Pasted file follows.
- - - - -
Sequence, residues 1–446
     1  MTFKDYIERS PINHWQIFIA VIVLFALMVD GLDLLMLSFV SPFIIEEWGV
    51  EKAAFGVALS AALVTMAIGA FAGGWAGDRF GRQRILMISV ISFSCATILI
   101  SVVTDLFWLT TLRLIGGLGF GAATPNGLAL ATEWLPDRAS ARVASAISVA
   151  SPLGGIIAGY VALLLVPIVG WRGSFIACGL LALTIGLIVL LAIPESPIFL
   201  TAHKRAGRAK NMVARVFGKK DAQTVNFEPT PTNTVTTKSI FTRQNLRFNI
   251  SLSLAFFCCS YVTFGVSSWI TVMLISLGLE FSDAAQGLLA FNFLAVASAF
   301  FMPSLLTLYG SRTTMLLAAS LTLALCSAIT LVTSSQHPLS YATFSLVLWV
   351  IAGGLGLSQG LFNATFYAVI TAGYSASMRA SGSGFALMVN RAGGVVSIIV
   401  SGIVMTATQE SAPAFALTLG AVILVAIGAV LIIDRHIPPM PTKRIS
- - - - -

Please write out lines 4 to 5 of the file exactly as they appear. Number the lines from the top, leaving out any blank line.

   101  SVVTDLFWLT TLRLIGGLGF GAATPNGLAL ATEWLPDRAS ARVASAISVA
   151  SPLGGIIAGY VALLLVPIVG WRGSFIACGL LALTIGLIVL LAIPESPIFL